Read more about how mobile technology is changing your life here.

In most respects, overseas mobile users value their devices the same way Americans do but with a few revealing exceptions. Americans are grateful for the connection and convenience their phones provide, helping them search for a lower price, navigate a strange city, expand a customer base or track their health and finances, their family and friends. But in some ways Americans are still ambivalent; more than 9 in 10 Brazilians and Indians agreed that being constantly connected is mostly a good thing. America’s 76% was actually the lowest score.

(PHOTOS: Behind the Cover: Instagram Photos of the Wireless Issue)

Carve up the U.S. population into the general public vs. high-income, highly educated elites and some contrasts come into focus. Elites are more likely to say that they work longer hours and have less time to think but also that mobile has made them more efficient and productive, able to manage more, be away from the office, stay informed about the news and be a better parent. Four in 10 Americans think mobility has helped them achieve a better work-life balance, vs. three-quarters or more of Indians, Indonesians, Chinese and South Africans.

Like any romance moving from infatuation to commitment, the connection between people and their mobile devices reflects what they brought into the relationship in the first place. In countries where connection and convenience were difficult, these mobiles offer a kind of time travel, delivering in the push of a button or touch of a screen the kind of progress other countries built over decades. Which makes you wonder: Just how much smaller and smarter and faster and better might our devices be a decade from now? And how much about our lives and work and relationships is left to be completely transformed as a result?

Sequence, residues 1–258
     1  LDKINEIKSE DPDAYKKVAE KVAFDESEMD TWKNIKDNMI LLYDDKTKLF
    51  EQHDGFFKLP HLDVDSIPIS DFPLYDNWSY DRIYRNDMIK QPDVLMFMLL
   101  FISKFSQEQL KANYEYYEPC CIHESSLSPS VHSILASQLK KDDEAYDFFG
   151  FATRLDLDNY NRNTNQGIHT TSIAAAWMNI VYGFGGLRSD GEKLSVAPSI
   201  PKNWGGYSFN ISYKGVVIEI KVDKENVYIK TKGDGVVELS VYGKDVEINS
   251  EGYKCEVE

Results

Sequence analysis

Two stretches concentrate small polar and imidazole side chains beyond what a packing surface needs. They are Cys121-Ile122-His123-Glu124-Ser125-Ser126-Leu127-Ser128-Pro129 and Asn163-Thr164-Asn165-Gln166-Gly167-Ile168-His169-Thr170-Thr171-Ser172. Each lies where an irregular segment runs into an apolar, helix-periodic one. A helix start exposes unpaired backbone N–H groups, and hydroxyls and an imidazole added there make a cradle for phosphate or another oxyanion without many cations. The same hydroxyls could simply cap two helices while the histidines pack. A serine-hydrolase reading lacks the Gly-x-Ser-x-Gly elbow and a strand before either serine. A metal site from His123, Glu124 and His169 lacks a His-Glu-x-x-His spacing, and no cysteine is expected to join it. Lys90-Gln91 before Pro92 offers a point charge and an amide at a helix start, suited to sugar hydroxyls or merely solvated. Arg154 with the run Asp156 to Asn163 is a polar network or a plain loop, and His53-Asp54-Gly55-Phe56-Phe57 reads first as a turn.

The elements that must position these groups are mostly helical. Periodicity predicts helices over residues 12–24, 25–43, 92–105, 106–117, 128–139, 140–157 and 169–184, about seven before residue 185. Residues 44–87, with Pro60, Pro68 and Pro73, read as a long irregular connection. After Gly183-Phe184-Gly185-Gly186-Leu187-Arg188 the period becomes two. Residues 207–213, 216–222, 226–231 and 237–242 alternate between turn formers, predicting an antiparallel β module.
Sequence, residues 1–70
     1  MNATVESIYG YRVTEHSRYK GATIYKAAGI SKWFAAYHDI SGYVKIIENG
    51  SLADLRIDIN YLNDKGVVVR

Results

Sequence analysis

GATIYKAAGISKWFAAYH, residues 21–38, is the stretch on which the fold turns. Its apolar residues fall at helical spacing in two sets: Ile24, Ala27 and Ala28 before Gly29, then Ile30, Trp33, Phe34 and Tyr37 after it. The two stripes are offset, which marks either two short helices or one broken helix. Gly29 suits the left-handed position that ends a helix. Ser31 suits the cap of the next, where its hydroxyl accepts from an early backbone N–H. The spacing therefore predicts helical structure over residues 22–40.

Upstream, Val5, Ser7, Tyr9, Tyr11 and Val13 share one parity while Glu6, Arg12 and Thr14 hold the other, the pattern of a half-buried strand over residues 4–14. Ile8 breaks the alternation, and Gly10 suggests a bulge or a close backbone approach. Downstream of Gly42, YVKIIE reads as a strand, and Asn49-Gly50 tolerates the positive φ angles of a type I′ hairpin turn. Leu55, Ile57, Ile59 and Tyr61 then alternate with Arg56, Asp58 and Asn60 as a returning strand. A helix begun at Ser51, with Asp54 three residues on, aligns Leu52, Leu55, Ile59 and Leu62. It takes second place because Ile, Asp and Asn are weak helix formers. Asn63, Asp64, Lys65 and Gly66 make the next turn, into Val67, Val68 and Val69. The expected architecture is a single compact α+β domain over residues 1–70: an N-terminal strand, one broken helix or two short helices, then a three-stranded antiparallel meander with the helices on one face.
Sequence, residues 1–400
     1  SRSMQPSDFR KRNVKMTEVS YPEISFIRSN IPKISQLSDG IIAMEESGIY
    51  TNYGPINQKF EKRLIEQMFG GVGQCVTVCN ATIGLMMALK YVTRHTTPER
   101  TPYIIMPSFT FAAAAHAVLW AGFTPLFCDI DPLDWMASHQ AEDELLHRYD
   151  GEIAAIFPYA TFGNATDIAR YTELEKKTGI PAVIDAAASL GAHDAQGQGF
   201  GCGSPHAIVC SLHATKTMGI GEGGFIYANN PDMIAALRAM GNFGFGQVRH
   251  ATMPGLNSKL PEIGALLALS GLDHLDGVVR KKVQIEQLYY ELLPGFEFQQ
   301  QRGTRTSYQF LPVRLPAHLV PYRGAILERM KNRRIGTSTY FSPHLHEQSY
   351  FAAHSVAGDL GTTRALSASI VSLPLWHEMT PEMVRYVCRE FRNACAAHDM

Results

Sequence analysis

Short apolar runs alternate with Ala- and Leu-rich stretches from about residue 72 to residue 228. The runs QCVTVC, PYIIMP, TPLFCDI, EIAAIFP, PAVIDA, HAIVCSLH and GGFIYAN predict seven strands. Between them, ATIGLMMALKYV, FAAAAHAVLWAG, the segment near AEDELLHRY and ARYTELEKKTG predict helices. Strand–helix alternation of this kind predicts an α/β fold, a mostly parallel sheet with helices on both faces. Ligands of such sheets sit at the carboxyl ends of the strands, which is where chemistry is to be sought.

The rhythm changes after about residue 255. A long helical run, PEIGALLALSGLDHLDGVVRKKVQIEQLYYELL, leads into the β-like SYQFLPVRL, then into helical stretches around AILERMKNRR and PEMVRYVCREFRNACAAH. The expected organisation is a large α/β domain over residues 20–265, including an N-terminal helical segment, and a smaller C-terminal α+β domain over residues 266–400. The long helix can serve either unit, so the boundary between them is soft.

Read the rest of the wireless issue here.

See the findings of the TIME Mobility Poll here.

See the full poll results here.

27 comments
MalcomBlackhawk
MalcomBlackhawk

For all of the people who think that 'microwave' radiation from cell phones can give you brain cancer, I have two recommendations for you. One: stop listening to the radio in the car. Two: stick your hand in a microwave and tell me that's what talking on your cell phone feels like.

Cell phones work off of radio waves, which are completely harmless to humans. No doubt they are passing through your body right now. Feel any extra limbs growing yet? No? Exactly.

On microwave radiation, ever noticed how the plate is really hot when you take it out of the microwave? That's because microwave radiation heats up the molecules in the plate, and I seriously doubt your head feels that hot every time you answer a call.

Sincerely, a junior in high school who did his research :)

NoCellPhones
NoCellPhones

I'll never own a cell phone even if you offered me $100,000 to carry one.--Seriously.  People no longer relate to each other, but instead, focus on a machine.  They don't look at each other.  They don't talk to each other.  It's ridiculous.  I feel sorry for babies of the addicted cell phone user. 

A friend of mine told me the story of a couple he visited to do some work in their home.  Instead of talking to each other as they each sat in the livingroom, they texted each other.